Cam Loch klippe

Map of klippe
View of klippe (as above)

CAM LOCH (NC225148 - NC223126)

Central and southern Assynt are interesting areas because they contain several erosional remnants of thrust sheets. These klippen are important for showing the original extent of thrust sheets and inspired early attempts at 3D visualisation in thrust belts. The largest of these structures is the Cam Loch klippe. However, there is controversy surrounding the correlation of the klippe with a specific major thrust sheet in eastern Assynt. One school suggests that the klippe forms part of the Ben More Thrust Sheet which original enveloped almost all of central and southern Assynt. However, to the ESE of the Cam Loch klippe the main trace of the Ben More thrust has Pipe Rock or younger Cambrian rocks directly in its hanging-wall. Presumably the Lower Quartzite and Precambrian units have been cut out against the thrust further to the east. For these units to be within the Cam Loch klippe would require the Ben More thrust to cut drastically down section. Thus an alternative is that the Cam Loch klippe forms part of a sheet distinct from and structurally higher than the Ben More. Regardless of the validity of these conclusions the site is important in providing a testing ground for the three dimensional analysis of thrust structures using cut-off line maps (e.g. Coward, 1985).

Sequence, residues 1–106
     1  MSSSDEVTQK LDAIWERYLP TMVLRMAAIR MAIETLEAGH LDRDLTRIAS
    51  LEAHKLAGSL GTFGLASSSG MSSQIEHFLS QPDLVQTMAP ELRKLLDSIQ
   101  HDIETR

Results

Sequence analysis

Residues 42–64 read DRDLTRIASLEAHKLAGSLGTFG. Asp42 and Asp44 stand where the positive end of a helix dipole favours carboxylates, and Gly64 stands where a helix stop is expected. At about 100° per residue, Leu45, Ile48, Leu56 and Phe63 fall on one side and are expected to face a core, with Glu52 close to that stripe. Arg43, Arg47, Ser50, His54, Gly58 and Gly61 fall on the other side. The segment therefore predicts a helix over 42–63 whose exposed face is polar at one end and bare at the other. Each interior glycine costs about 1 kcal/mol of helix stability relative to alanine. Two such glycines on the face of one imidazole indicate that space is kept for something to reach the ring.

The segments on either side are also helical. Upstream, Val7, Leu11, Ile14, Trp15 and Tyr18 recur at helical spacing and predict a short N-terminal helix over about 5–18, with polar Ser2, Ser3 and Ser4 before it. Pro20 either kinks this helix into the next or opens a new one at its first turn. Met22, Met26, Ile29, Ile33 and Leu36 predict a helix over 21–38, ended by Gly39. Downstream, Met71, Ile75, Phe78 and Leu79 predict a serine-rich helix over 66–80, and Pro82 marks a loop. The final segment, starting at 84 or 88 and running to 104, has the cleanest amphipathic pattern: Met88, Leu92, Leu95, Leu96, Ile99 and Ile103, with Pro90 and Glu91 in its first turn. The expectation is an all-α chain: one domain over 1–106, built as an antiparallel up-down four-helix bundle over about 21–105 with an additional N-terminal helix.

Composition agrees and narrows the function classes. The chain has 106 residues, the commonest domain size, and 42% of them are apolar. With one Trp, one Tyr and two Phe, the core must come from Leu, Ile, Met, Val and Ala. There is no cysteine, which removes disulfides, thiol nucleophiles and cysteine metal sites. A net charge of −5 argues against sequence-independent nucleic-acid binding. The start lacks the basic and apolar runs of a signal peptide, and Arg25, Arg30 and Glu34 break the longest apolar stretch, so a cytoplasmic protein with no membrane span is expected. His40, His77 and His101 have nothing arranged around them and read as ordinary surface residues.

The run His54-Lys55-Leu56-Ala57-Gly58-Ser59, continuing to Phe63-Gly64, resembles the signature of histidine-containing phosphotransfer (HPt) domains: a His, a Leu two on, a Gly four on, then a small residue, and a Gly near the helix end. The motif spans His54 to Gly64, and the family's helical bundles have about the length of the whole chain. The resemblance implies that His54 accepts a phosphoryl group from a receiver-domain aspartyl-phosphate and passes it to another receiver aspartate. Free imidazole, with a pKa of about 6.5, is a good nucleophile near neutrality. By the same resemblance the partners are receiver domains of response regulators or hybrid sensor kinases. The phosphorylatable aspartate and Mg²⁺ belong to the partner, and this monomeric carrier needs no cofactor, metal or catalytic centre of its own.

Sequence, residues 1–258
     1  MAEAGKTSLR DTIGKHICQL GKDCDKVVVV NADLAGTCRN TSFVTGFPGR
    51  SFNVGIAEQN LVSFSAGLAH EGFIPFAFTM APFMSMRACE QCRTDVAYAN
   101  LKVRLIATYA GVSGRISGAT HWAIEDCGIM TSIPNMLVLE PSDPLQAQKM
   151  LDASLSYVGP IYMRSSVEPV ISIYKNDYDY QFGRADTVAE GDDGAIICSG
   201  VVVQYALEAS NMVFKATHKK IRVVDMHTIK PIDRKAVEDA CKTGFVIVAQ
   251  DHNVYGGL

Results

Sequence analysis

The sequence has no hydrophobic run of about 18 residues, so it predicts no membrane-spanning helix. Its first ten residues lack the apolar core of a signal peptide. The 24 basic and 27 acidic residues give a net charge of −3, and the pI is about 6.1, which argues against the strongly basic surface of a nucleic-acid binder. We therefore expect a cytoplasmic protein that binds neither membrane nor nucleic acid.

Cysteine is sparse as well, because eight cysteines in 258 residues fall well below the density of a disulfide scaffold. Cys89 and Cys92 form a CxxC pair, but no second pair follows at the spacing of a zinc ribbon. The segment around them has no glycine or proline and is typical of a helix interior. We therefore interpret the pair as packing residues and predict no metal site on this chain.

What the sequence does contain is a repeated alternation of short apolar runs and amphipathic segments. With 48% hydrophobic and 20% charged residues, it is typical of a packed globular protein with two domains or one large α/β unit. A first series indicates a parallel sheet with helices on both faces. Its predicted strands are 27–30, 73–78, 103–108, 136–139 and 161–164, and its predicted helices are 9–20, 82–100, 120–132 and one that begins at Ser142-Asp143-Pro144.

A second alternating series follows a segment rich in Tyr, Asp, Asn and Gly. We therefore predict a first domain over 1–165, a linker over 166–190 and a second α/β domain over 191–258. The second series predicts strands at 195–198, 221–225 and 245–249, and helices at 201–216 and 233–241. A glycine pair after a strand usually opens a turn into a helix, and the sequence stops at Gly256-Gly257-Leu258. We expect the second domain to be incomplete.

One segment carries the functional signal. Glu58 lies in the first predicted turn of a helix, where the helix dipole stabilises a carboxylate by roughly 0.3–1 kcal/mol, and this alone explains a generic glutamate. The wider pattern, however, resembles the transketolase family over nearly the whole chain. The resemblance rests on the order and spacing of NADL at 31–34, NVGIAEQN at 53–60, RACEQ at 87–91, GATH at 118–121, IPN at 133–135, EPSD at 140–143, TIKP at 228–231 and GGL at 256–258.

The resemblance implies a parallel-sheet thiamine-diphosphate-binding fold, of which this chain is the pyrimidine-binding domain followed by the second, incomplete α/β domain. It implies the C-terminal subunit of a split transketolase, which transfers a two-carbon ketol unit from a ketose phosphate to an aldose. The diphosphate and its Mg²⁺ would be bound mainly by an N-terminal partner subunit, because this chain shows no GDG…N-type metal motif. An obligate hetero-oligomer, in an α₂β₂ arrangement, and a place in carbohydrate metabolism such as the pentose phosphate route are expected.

The klippe itself contains a major anticline that faces WNW and has a strongly overturned forelimb. It is a good example of a style of deformation termed 'thrust-propagation folding' (Williams and Chapman, 1983) whereby thrust ramping is accompanied by a buckling component reflecting a rate of thrust propagation that was slower than that of thrust displacement. Historically this deformation style underpins classical ideas of thrust formation developed in the Alps. In the Moine Thrust Belt, Peach et al. (1907) rejected this requirement of thrusting necessarily being preceded by folding since many thrusts show very little such deformation. The Cam Loch site, together with other examples of 'Sgonnan Mor structures' within the Ben More site, is important because it illustrates that both styles of thrusting, with or without preceding folding, may occur within the same thrust belt.

View of klippe

Moine Thrust Belt front page Northern Zone location map South Assynt map